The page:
Look! Up there! A pretty little bird gliding majestically through the sky, encapsulating the beauty of natu -- oh wait. It's a high-tech surveillance drone.
Over recent years, more than 30 Chinese military and government agencies have reportedly been using drones made to look like birds to surveil citizens in at least five provinces, according to the South China Morning Post.
The program is reportedly codenamed "Dove" and run by Song Bifeng, a professor at Northwestern Polytechnical University in Xi'an. Song was formerly a senior scientist on the Chengdu J-20, Asia's first fifth-generation stealth fighter jet, according to the Post.
The bird-like drones mimic the flapping wings of a real bird using a pair of crank-rockers driven by an electric motor. Each drone has a high-definition camera, GPS antenna, flight control system and a data link with satellite communication capability, the Post reports.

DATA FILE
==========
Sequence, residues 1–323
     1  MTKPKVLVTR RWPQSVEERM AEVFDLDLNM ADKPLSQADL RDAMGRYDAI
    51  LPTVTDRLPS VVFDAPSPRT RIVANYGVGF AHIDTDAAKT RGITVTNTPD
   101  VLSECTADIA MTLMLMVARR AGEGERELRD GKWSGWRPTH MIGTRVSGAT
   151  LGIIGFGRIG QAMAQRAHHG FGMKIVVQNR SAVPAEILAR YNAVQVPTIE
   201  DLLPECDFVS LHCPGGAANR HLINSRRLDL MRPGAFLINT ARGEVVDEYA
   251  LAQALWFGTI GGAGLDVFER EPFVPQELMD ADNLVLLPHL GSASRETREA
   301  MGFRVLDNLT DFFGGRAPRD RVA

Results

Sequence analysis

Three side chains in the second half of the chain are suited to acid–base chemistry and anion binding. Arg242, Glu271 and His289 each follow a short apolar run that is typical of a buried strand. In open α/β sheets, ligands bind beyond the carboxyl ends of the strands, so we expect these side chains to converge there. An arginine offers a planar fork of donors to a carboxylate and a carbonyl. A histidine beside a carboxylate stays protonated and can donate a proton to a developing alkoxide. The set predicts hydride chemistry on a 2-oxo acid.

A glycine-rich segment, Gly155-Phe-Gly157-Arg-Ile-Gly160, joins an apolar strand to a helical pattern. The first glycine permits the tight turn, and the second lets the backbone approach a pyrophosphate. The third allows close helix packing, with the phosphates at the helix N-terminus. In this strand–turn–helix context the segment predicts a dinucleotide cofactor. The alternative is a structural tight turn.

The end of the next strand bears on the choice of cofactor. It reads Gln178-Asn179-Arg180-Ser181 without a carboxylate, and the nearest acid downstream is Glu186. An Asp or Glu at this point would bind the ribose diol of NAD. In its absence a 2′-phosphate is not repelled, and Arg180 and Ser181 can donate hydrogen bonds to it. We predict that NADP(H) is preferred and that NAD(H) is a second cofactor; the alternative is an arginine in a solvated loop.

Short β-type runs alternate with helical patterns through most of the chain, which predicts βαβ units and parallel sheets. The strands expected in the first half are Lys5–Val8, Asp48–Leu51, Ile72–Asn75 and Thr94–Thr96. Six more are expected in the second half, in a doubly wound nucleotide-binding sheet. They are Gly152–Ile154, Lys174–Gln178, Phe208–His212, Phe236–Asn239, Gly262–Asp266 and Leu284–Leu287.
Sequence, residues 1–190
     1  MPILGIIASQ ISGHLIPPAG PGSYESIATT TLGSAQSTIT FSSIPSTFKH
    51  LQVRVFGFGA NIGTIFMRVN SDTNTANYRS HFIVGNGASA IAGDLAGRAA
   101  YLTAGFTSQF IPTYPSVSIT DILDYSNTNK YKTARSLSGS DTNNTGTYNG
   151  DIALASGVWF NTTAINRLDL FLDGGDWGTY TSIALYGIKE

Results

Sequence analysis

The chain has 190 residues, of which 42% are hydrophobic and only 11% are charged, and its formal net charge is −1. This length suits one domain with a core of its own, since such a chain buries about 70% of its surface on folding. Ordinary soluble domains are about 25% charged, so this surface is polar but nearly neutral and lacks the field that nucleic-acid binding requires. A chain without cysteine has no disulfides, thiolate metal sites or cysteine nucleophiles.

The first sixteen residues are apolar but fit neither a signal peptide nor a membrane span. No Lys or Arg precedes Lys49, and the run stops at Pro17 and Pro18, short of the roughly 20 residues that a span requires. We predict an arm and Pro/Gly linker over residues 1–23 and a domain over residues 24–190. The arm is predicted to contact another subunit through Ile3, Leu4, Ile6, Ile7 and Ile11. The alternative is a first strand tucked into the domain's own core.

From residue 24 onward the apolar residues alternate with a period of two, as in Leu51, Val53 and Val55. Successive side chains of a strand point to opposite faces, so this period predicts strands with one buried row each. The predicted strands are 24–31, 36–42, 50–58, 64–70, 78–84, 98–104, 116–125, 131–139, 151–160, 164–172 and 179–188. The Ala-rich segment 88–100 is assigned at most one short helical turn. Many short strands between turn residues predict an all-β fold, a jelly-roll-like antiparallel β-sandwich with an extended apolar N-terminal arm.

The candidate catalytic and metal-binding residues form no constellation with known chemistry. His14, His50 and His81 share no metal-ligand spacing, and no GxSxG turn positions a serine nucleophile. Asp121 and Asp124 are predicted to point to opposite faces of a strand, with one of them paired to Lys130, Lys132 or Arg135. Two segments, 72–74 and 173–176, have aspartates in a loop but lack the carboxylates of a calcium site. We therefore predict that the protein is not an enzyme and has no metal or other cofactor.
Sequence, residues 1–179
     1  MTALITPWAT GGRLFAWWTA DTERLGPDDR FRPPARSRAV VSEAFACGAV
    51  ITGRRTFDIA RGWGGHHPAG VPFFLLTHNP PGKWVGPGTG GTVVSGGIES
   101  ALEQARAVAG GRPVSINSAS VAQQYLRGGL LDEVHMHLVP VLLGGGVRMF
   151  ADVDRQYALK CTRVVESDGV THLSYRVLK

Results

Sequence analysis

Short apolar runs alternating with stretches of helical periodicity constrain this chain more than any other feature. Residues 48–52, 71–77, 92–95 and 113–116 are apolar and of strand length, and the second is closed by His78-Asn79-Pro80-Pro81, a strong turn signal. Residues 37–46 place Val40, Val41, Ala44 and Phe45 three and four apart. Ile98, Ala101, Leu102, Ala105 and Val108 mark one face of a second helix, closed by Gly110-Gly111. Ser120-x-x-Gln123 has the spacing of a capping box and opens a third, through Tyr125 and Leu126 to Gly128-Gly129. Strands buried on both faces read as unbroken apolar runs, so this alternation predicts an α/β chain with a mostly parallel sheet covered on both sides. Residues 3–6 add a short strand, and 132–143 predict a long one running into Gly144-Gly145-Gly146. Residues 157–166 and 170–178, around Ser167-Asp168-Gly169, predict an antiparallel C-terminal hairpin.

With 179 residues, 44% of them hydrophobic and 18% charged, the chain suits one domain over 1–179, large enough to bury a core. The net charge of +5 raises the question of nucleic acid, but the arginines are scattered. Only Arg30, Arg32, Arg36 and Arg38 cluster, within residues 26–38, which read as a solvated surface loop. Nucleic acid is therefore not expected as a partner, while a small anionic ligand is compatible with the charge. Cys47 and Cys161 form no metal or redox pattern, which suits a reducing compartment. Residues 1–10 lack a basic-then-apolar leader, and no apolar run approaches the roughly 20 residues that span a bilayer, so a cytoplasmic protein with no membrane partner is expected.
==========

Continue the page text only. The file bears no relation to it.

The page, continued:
While the "scale is still small", according to Yang Wenqing, a member of Song's team who commented to the Post, the researchers "believe the technology has good potential for large-scale use in the future ... it has some unique advantages to meet the demand for drones in the military and civilian sectors."
Beijing's surveillance technologies, however discreet, can be avoided. But these drones will open a "new level of intrusiveness," Timothy R. Heath, senior international defense research analyst at global policy think tank The RAND Corporation, told CNET via email.
"Although the bird drones will likely be deployed in restive provinces like Xinjiang, any Chinese person should assume that their behavior could be under surveillance and their behavior recorded, no matter where they go outdoors," he said. "China's use of bird drones will extend the government's surveillance to a frightening new level."
China also employs, , and other technologies to monitor its 1.4 billion citizens with the aim of one day giving each of them a based on how they behave.
Video: China turns to tech to monitor, shame, rate citizens
First published June 24, 9 p.m. PT.
Update, Aug. 2 at 4:55 p.m.: Adds comment from Timothy R. Heath.